Huawei’s latest flagships have arrived and if you’ve managed to resist the Samsung Galaxy S9 then these could be worth considering, but which one is right for you?
To help answer that question we’ve put the Huawei P20 and Huawei P20 Pro head to head, comparing all their key features, including their screens, design, power, camera and battery.
You’ll find all that below, so settle in and read on for a rundown of two of 2018’s latest and potentially greatest flagships.
There’s not too much difference between the design of the Huawei P20 and the Huawei P20 Pro. Both have a glass back and a metal frame and both come in a variety of colors, including black, midnight blue, pink gold and twilight, though the standard P20 additionally comes in a champagne gold shade.
The main visible difference between them is the camera, which is a triple-lens one on the Huawei P20 Pro and just a dual-lens one on the standard P20.
But arguably a bigger design difference is one that you can’t see, as the Huawei P20 Pro is IP67 certified, meaning it’s dust proof and water resistant to 1 meter for up to 30 minutes, while the standard Huawei P20 has no such certification.
However, the standard P20 is ever so slightly slimmer at 7.65mm thick, while the Huawei P20 Pro is 7.8mm. You also get a headphone port with the P20, which you don’t with the P20 Pro.
It’s also worth noting that both models come with a rainbow-like ‘Gradient Finish’ if you opt for the pink gold or twilight color schemes.
While both the Huawei P20 and the Huawei P20 Pro have a 2240 x 1080 Full HD+ display with a super widescreen 18.7:9 aspect ratio, minimal bezel and a notch at the top, there are some significant differences between them.
For example, while the Huawei P20 is 5.8 inches the Huawei P20 Pro has a 6.1-inch screen, and while the P20 uses LCD, the P20 Pro has an OLED screen, which tends to offer better contrast.
The P20 Pro’s screen is likely to be better then – though we’ll let you know for sure once we’ve put the phones through a full review, and the extra size on the Pro model does mean it has a lower pixel density than the standard Huawei P20.
Both the Huawei P20 and Huawei P20 Pro have a Kirin 970 chipset. That’s the same octa-core chipset as we saw in 2017’s Huawei Mate 10 Pro, so it’s high-end, but not quite as brand new as the Snapdragon 845 doing the rounds in a lot of 2018’s Android flagships.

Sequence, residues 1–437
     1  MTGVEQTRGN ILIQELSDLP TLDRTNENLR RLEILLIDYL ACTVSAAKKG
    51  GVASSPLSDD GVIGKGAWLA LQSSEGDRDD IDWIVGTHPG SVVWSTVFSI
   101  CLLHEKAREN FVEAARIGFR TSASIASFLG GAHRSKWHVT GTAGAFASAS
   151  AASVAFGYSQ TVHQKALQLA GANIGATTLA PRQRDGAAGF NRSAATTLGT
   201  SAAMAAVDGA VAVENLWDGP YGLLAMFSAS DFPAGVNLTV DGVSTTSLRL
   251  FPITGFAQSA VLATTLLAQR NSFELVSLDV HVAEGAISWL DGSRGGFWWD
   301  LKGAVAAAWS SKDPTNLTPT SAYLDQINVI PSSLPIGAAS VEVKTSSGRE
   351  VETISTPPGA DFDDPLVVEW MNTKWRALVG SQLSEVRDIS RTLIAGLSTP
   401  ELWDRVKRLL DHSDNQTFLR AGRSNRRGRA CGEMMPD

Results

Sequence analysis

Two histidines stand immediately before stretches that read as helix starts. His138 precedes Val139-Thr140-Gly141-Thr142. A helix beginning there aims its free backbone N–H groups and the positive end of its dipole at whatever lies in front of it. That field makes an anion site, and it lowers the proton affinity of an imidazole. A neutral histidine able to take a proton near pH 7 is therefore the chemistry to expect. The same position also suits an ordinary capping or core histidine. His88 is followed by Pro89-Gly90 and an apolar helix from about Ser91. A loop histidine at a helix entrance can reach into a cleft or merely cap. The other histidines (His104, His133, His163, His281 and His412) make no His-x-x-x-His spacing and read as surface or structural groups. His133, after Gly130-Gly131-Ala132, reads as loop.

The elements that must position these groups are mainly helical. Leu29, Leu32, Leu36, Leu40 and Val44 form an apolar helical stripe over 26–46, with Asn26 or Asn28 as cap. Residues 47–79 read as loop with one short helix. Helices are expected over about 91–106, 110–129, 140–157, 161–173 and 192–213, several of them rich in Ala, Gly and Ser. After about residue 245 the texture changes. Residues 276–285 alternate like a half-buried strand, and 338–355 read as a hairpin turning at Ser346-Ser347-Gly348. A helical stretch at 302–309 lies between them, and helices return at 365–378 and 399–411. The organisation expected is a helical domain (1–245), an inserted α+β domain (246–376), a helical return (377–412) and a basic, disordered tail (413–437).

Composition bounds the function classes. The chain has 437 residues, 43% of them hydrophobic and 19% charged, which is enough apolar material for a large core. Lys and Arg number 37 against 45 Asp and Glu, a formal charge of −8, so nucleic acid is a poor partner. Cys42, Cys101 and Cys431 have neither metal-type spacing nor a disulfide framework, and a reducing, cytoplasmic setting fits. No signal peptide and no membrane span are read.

It’s paired with 4GB of RAM in the case of the Huawei P20 and 6GB with the Huawei P20 Pro, making for high and – arguably – top-end specs respectively. Both phones also come with 128GB of storage and a microSD card slot.
The operating system is unsurprisingly the same on both, namely Android Oreo overlaid with Huawei’s EMUI 8.1 interface.
The two phones also come with an NPU (neural processing unit) which powers all sorts of AI skills, such as photo organization and tagging.
Like many recent phones, the camera seems to be a big area of focus for Huawei on its new flagships, and the two handsets don’t have identical cameras.
With the Huawei P20 you get a dual-lens Leica camera on the back, made up of a 12MP f/1.8 RGB sensor and a 20MP f/1.6 monochrome sensor, and the 12MP camera has 61% larger pixels than Huawei’s previous 12MP snapper.
The Huawei P20 Pro meanwhile has a trio of sensors on the back. It’s the world’s first Leica triple-lens camera, and it’s made up of a 12MP f/1.8 RGB sensor, a 40MP f/1.6 monochrome sensor and an 8MP telephoto sensor.
Huawei claims it’s also the world’s first Leica zoom lens system, offering 5x hybrid zoom. The camera also sports large pixels and the highest ISO on a phone at 51200.
Round the front both phones have a 24MP camera, and both support 960fps slow motion video at 720p resolution.
Both phones also have AI camera skills, with the AI automatically changing modes according to what you’re shooting, and even assisting with the composition of shots. There’s also AI image stabilization to compensate for camera shake.
So there’s a lot that’s the same with these two phone’s cameras, but with the P20 Pro you get more, headlined by that extra lens.
As for the battery, there’s a 3,400mAh one in the Huawei P20 and a 4,000mAh one in the Huawei P20 Pro. Both of those are fairly large sizes, with the Pro in particular coming in larger than most rivals – though there’s also a larger screen to keep powered than there is on the standard P20.
Both phones also support Huawei’s Super Charge technology (seen previously on the Mate 10 series), so you should be able to juice them up quickly.
There are a lot of differences between the Huawei P20 and the Huawei P20 Pro, and most seem to work in the P20 Pro’s favor, as you might expect, but not all of them, and the standard model still has a strong assortment of specs and features.
Key differences include the screen, which is bigger on the Pro and uses OLED rather than LCD, the RAM, which you get 50% more of with the P20 Pro, the camera, which has an extra lens and additional features on the Pro, and the battery, which is bigger in the Pro.
The P20 Pro also benefits from water resistance, which the standard Huawei P20 doesn’t, but the Pro’s screen has a lower pixel density and the phone has no headphone port – which might be enough to push some buyers towards the standard model, especially as the Huawei P20 will be cheaper.